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Locker Love: The Mustard Made Story | #173

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Nathan Bush is a director at eCommerce talent agency, eSuite. He has led eCommerce for businesses with revenue $100m+ and has been recognised as one of Australia’s Top 50 People in eCommerce four years in a row. You can contact Nathan on LinkedIn, Twitter or via email.

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Becca is one half of Mustard Made and a mum to three boys. She is originally from London but now lives in Newcastle here in Australia. Mustard was born from the dream to work with her sister Jess and a need for really good storage for her home. The obsession with lockers and the style are inspired by her love for vintage furniture. She loves working for herself as it means she gets to do so many different things and that really suits her as a person.

You can contact Becca at Mustard Made

Becca’s shares her thoughts on calculated risk-taking, trade show launches and the unexpected ways to getting your brand in the homes of A listers.

In this episode of Add To Cart, we are joined by Becca Stern, the Co-founder of Mustard Made, the place to go for stylish, functional lockers.  Yes, you heard me right, lockers…the essential high school backdrop in American coming of age movies.  Becca’s lockers have evolved into a range of shapes, sizes and colours…mustard being one of them of course.  Back in the day, Becca had a habit of rescuing vintage lockers she spotted on the side of the road.  This locker passion grew and grew and when Becca succeeded in convincing her sister to get in on the business, there was no stopping them.  Now a multimillion dollar company, selling in Australia, the UK and US, Mustard Made is well and truly…well, made.  In this chat, Becca shares her formula for calculated risk-taking, the epic upcoming work road trip she’s taking with her sister and we find out what Kim Kardashian’s Mustard Made locker was filled with…not what you’d expect!

“A risk doesn’t mean jumping off a cliff, it means taking a well thought through step in the right direction”

Becca Stern

Questions answered in this episode include
  • Who is the audience for Mustard Made lockers?
  • What’s the secret to working with family members in growing a business like Mustard Made?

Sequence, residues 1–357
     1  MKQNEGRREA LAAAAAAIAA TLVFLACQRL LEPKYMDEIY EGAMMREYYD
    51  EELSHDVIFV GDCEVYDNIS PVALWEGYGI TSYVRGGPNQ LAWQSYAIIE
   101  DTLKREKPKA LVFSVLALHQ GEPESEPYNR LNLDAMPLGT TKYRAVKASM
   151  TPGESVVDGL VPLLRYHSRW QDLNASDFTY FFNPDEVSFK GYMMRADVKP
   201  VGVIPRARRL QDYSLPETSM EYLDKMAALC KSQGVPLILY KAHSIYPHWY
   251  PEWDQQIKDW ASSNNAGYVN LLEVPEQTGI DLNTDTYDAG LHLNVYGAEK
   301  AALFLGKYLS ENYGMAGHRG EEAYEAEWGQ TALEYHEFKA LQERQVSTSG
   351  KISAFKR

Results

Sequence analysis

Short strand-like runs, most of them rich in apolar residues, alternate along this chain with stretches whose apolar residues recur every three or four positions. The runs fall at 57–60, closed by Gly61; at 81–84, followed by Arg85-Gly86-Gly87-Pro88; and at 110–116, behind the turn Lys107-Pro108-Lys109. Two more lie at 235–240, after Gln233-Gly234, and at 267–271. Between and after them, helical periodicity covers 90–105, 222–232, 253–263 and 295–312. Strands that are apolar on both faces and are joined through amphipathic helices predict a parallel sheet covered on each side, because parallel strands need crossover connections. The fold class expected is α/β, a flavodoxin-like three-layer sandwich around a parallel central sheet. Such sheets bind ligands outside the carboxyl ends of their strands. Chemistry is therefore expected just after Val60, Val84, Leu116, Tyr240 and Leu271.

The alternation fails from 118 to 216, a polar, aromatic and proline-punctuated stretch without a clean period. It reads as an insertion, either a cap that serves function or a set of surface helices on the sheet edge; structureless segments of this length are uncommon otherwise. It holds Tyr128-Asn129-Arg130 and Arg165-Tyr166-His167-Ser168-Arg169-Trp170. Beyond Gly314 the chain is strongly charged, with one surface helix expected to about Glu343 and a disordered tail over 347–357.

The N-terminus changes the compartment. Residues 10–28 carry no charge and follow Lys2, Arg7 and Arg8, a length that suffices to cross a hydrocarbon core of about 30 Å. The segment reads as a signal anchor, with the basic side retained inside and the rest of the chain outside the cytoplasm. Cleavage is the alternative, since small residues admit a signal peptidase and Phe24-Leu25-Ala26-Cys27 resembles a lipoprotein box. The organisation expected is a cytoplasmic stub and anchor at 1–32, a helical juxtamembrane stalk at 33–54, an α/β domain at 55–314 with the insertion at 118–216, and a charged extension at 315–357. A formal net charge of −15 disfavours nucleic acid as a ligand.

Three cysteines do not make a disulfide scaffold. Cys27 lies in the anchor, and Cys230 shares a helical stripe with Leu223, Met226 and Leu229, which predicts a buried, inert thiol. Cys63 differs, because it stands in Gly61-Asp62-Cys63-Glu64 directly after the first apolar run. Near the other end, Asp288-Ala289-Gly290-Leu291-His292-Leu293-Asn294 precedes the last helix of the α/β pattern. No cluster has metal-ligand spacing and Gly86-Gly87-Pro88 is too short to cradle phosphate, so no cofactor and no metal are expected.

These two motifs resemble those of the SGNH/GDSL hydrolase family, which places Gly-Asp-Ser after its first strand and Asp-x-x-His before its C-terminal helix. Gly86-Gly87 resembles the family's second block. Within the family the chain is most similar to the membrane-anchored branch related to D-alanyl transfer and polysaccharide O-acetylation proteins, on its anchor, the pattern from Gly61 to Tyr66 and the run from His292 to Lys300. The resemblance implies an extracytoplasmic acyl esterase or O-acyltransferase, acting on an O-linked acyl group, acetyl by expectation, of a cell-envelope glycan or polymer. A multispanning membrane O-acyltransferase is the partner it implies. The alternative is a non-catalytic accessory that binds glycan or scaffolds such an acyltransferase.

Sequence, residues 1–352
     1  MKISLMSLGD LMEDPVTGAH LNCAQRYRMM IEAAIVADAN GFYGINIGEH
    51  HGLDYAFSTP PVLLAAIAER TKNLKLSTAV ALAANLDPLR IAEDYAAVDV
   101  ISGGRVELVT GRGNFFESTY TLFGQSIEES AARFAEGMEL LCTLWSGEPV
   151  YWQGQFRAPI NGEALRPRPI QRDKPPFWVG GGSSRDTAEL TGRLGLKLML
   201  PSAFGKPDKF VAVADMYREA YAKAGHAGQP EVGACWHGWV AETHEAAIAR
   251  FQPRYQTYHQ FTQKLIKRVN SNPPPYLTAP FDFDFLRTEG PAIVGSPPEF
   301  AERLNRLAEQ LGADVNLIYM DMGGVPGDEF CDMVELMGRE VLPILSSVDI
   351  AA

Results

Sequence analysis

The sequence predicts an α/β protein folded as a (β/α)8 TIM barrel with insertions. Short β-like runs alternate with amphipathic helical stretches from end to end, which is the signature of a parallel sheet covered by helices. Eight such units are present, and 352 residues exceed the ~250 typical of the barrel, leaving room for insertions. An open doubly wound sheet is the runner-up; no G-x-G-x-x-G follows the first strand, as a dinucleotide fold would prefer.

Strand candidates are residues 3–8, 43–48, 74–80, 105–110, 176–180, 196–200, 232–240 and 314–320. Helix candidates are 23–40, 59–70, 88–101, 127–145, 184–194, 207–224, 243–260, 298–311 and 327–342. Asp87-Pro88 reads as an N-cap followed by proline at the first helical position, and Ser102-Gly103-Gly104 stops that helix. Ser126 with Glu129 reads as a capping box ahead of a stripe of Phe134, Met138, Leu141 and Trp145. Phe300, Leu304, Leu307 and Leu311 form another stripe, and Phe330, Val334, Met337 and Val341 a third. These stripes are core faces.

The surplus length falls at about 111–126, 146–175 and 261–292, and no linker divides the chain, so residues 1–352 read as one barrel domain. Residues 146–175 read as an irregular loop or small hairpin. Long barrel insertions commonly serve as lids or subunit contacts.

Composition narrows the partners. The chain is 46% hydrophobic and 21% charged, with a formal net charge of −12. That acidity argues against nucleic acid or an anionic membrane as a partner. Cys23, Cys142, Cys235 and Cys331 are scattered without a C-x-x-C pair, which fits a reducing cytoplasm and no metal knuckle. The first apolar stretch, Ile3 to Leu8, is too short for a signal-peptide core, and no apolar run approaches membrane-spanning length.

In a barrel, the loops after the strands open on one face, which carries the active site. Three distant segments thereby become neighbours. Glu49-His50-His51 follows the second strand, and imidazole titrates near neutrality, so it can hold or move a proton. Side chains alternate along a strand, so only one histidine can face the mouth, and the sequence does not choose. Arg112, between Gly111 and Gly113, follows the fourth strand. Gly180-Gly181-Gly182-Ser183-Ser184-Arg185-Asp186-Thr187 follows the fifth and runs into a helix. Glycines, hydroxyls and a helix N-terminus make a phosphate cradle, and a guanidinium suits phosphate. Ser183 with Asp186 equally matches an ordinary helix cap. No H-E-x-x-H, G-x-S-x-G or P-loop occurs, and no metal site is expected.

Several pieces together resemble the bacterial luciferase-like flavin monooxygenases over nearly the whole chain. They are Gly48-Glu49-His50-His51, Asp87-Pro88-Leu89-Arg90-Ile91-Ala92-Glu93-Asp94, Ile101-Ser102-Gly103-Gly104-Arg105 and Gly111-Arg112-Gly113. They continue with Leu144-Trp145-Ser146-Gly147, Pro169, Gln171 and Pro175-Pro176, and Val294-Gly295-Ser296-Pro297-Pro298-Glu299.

• How do you manage customer expectations around an uncertain supply chain?  

Unpredictability and Kim Kardashion

“In terms of having a team, sometimes people do like to know where we’re going. So that’s been the balance.  I don’t want Mustard to be fixated on particular goals, because things drop into our inbox daily that are better than we could have strategized about, we couldn’t have predicted. 

Like recently we had this amazing opportunity with a Mac and Cheese brand that launched in America. And they bought 250 lockers and sent them out to the most A-list of A-list celebrities filled with macaroni cheese boxes. Who would have put that in their business plan for the year?

Do you know Kim Kardashian?  Kim Kardashian has a locker. The Rock.  Some pretty big A-listers.  I really thrive off that surprise. That is the joy. If I knew exactly where I was going and I knew exactly what was going to happen, it’s like watching a movie when you know the whole plot. It’s not the same experience as watching it for the first time. Maybe that’s a good analogy for how I like to live.”

Home, work, play

“I think when you think of lockers, you might think gyms or high schools. Ours are more about the home. So definitely there’s a big audience of mums buying them either for themselves, for their own things to keep away from their kids or maybe to have their TV on so they can keep all their cables and PlayStations or whatever, neatly inside. 

Then I suppose there’s the workspaces. So especially with a lot of people working from home, it’s this one stop shop for all your office storage. And then, I guess we do appeal to more corporate environments. So we’ve had things like Pilate studios or lawyers offices or a vet bought some the other day. So there’s that practical element that brings a little bit of colour, but still really functions really well. So yeah, for home, for work and for play is how we sum it up.”

Trade show launch

“So the way that we actually launched was going to this trade show with our samples and what looked like a business. We had a logo, we had some leaflets, we had some order forms and yeah, we had these shiny, nice samples there, but we didn’t have production. We hadn’t pushed go yet. We hadn’t even set up a bank account and we hadn’t registered our business officially, because that cost about $1,000. And you don’t want to spend $1,000 if this all goes to itself and doesn’t go anywhere.

So we went to this trade show with enough in place to test the market and see whether we were going to make any sales. And if we hadn’t, then great, we hadn’t bought container loads full of lockers. And if we had, then we would know what products were going to be popular, which colours. And so we could get that product mix right when ordering and then supply based on that. 

So it still makes me laugh thinking about us standing there like, yeah, place an order!  We had enough ducks in the row. It wasn’t like we were scamming them. It was just that we needed that lead time to know and to prove to ourselves that there was something in this product. We set ourselves this goal that we were going to get nine orders in a four day event. And we smashed it the first day. So yeah, we went home just feeling like, okay, I just think we might be onto something good here.”

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